19. Over five months later, on January 22, 1991, Respondent submitted a renewed petition under 37 C.F.R. 1.316(c), which claimed to be "... in compliance with the Letter from the Deputy Assistant Commissioner ..." This renewed petition was accompanied by the applicant's two terminal disclaimers, each disclaiming a period of 12 months, one dated October 3, 1990, and the other dated January 18, 1991. The petition was also accompanied by an Affidavit from Robert C. Bard that he prepared and signed the check submitted with the renewed petition, that he prepared copies of the terminal disclaimer, that he presented the terminal disclaimer to the applicant and observed her sign it, and that he (Robert C. Bard) assembled all these materials and mailed them to the PTO on October 3, 1990. There is no record of the PTO having received anything on the Ferguson patent application in October, 1990. Nothing in the affidavit suggests that the Respondent exercised any supervision or control over the patent prosecution activities of his son, an attorney not licensed to practice in patent cases.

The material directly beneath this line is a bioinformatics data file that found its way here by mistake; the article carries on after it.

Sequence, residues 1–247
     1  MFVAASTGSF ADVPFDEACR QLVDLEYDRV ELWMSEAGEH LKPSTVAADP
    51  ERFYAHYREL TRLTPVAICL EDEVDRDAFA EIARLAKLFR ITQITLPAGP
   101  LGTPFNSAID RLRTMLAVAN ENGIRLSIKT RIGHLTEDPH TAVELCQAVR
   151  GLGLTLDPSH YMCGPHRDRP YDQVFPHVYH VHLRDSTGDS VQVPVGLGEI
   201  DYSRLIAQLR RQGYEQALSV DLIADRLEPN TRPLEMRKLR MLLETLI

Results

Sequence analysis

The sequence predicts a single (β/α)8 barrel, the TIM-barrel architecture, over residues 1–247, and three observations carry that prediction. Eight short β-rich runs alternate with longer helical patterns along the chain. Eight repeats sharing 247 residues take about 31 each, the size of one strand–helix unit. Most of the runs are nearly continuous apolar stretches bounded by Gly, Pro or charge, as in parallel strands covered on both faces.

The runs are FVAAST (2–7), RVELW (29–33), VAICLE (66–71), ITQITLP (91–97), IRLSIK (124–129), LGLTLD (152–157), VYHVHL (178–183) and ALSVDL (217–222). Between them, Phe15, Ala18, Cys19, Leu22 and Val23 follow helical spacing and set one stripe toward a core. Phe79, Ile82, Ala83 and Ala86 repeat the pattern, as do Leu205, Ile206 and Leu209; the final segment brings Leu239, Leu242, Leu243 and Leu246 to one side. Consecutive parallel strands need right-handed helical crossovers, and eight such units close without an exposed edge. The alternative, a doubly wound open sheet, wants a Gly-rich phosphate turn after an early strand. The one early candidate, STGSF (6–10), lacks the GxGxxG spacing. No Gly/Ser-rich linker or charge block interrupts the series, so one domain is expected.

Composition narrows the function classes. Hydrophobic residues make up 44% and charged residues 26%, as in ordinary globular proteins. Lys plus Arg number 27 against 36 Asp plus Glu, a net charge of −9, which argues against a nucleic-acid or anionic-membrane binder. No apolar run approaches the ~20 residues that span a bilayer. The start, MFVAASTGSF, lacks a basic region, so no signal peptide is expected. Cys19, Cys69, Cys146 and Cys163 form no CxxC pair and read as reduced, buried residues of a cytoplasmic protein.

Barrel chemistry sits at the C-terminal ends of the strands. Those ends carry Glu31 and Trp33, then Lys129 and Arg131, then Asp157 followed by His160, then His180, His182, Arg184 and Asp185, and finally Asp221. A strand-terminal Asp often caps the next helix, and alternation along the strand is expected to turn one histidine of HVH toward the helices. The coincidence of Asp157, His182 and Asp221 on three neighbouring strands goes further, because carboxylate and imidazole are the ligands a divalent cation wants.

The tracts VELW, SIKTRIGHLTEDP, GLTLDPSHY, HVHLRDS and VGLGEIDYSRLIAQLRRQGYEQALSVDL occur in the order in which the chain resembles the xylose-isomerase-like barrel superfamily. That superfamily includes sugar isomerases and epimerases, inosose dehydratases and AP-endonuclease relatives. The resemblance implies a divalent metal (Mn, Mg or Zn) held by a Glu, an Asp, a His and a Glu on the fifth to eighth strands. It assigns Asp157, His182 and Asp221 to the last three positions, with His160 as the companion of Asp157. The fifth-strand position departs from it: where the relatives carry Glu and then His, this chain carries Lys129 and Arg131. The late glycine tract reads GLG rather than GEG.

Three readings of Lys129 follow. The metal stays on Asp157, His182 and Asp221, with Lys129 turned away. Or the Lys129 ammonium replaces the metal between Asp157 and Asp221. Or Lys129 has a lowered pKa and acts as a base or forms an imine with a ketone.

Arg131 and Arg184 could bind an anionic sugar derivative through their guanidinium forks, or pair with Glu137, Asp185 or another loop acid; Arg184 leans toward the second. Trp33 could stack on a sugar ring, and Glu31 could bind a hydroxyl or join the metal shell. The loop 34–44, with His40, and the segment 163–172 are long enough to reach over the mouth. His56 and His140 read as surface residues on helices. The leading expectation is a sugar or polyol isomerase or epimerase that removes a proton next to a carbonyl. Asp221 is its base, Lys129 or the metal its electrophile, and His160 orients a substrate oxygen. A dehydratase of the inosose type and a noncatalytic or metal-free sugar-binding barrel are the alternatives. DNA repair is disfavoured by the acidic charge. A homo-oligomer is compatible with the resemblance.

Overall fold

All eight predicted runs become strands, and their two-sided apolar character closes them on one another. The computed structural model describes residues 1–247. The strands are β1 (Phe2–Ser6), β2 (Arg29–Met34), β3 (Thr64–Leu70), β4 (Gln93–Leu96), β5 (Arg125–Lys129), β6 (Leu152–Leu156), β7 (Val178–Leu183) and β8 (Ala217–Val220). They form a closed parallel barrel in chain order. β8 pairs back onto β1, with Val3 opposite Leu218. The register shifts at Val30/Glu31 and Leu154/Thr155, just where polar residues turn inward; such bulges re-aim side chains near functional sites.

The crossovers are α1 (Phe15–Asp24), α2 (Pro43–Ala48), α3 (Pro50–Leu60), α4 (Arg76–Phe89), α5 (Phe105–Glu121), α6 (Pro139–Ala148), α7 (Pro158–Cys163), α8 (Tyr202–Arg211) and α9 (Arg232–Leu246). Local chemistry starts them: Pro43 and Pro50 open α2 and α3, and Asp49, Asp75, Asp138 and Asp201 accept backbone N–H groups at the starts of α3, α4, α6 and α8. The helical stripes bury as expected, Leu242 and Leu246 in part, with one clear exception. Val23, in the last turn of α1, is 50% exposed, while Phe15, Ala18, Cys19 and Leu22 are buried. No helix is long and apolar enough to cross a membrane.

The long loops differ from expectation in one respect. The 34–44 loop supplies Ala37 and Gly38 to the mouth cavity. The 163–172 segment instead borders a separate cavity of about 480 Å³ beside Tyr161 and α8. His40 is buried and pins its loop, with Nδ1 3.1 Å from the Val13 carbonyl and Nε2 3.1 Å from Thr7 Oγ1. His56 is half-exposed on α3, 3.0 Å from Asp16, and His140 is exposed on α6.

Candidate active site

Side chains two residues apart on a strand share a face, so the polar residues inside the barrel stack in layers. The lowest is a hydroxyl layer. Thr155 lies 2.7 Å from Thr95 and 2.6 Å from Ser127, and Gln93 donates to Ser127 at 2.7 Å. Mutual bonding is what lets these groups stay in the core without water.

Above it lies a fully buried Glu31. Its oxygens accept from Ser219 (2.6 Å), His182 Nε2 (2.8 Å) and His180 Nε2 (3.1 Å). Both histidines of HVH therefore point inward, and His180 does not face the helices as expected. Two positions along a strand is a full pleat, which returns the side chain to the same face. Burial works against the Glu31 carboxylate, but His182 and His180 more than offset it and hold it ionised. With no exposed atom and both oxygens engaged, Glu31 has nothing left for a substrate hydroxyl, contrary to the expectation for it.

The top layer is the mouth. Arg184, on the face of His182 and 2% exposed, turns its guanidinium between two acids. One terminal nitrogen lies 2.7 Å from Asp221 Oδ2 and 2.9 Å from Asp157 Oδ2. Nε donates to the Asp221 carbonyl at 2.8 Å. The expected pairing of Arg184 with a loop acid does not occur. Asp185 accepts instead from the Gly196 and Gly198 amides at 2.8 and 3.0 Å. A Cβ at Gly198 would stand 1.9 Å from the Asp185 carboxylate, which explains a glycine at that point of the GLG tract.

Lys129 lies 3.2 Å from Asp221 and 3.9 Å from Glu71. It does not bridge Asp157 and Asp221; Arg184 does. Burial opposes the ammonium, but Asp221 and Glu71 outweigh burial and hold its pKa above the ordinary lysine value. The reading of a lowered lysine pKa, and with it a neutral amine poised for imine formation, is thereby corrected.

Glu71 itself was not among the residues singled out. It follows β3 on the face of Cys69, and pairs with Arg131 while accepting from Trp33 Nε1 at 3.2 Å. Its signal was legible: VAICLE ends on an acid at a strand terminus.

20. Respondent's petition was dismissed. The petition was late. A dishonored check was tendered to pay the issue fee which had not been made good. In the meantime fees had increased on November 5, 1990, and these fees were now the ones due on an application where the fees had not been completely paid. As a result of the delay caused by Respondent's failure to make good on the fees previously due, the terminal disclaimer fee increased to $50.00, the issue fee increased to $525.00 and the fee for processing returned checks is $50.00. Against this $625.00 due, a credit of $61.00 has been allowed for the money tendered with the letter filed on June 26, 1990, leaving a balance due by May 13, 1991, of $564.00.
*5 21. The maximum period of patent protection for applicant's condom has been and continues to be reduced by virtue of the failure of the Respondent to fully pay the fees due on time and to provide required documents within time periods provided by the PTO. The number of months of patent protection that the patent applicant must disclaim is now increased to 19 months. The patent applicant has accordingly been damaged by the Respondent's neglect.
Edmund Francis Bard engaged in professional misconduct in violation of 37 C.F.R. § 10.23(b)(1) by:
(a) handling legal matters which he was incompetent to handle in view of his physical impairment, 37 C.F.R. 10.77(a),
(b) failing to associate himself with someone competent to handle such legal matters in view of his employment of Robert who is not registered and is inexperienced, 37 C.F.R. 10.77(a),
(c) handling legal matters without adequate preparation in view of his failed revival attempts and erroneous invoking of Rule 137 in petitioning for revival, 37 C.F.R. 10.77(b),